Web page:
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Cathy Lane, teen-aged daughter of a globe-trotting journalist, comes to live at the home of her uncle, a newspaper editor in New York City. Curiously, Cathy is the spitting image of her uncle's daughter, Patty. Appearances aside, however, the urbane Cathy is nothing like her cousin Patty, who is the typical American teenager. Written by
Stewart M. Clamen <email@example.com>
William Schallert, who played Martin Lane (Patty's father), also played Kenneth Lane (Cathy's father and Martin's twin brother) during the Christmas episode where Martin was forced to fire Kenneth. See more »
In some very early episodes, the face of Patty Duke's stand-in can be briefly glimpsed. See more »
I remember seeing this show for the first time about 4 years after it stopped premiering. I fell in love with Cathy Lane. I really didn't want to believe that she and Patty were in and of the same person. There was even a board game at my house on Patty and Cathy. The photographic scenes of the two cousins together were phenomenal for that era. In the last scene of the first season Patty and Cathy initially glare at each other and are actually seen pacing around each other in disbelief. The rear stand-ins were average. At times you could see the faces of the doubles.
The younger sibling, Ross, started out as a pranking brat of a brother. Eventually he segued into a closer relationship with Patty; although he never really had any bouts with his cousin Cathy. Patty's boyfriend Richard reminded me of a teen-aged Donald Hollanger (the boyfriend of Ann Marie--THAT GIRL). In spite of Patty's constant antics, he was often tolerant, understanding, and forgiving. Martin and Natalie Lane, Patty's ever forbearing parents, were ideal for a teenager like their daughter. Martin often gave Patty wise counsel while Natalie tended to be more understanding from a female point of view. Patty and Martin's most touching scene was in the 3rd season when Patty allegedly broke her curfew. Any explanation Patty could give fell on the deaf ears of her father, which caused a rift between the two. Her father finally realized Patty was telling the truth and the result was an emotional dialogue between father and daughter that made Patty Duke's acting stand head and shoulders above any actor her age at that time. Parenthetically her performance in that particular episode was probably a reflection of the difficult times she actually had growing up.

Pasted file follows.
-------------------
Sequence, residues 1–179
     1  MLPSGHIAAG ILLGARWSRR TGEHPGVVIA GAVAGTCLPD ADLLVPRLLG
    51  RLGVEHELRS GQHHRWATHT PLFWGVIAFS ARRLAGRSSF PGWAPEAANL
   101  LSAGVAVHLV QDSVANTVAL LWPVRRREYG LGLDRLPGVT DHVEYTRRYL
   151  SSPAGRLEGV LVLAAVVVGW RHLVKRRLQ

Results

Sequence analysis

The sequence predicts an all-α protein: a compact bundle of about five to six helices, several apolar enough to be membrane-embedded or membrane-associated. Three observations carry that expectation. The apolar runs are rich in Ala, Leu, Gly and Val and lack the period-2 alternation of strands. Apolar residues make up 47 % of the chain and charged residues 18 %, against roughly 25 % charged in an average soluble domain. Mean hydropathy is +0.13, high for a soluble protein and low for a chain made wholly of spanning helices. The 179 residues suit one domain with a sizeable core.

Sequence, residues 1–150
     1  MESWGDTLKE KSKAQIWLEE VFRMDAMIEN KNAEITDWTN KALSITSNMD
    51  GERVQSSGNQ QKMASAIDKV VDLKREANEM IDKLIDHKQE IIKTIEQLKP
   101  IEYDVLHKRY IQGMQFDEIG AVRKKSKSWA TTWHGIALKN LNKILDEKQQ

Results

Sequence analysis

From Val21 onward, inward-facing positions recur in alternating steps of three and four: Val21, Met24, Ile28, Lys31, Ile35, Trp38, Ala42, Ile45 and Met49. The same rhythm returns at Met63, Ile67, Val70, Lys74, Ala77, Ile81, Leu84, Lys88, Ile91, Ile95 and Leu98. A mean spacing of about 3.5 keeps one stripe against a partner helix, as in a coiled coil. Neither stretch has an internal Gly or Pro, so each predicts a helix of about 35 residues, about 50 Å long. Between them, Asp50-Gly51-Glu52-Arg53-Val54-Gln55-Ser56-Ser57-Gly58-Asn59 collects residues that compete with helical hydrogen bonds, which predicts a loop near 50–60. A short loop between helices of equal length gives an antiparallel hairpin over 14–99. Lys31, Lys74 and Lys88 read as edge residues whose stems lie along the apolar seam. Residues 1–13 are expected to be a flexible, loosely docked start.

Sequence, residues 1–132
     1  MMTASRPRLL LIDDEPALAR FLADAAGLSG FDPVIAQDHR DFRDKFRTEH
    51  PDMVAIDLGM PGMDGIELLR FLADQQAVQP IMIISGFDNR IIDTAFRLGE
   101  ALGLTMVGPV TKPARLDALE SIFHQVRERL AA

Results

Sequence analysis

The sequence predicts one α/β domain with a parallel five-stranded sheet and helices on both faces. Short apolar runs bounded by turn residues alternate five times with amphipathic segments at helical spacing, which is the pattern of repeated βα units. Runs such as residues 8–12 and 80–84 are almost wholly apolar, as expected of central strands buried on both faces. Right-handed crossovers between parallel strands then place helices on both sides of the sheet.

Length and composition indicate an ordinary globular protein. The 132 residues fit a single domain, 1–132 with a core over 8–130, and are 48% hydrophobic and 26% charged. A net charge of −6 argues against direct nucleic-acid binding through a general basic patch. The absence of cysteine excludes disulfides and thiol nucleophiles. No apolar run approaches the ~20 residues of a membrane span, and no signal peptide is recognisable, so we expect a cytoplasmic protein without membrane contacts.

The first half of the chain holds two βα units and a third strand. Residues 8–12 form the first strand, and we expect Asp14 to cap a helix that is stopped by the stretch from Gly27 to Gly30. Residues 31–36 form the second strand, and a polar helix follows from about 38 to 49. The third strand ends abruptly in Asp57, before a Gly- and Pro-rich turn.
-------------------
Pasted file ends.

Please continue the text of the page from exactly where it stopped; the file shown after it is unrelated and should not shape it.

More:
I thought the funniest episodes were when Cathy and Patty were in competition--whether it be for the affections of a boy or as class president. In the final season of TPDS we saw less of the character of Cathy...five episodes without her, to be exact. This was something I did not appreciate. But maybe Miss Duke was getting tired of the dual roles, which could have made it a challenge for her to find herself and discover her place in society.
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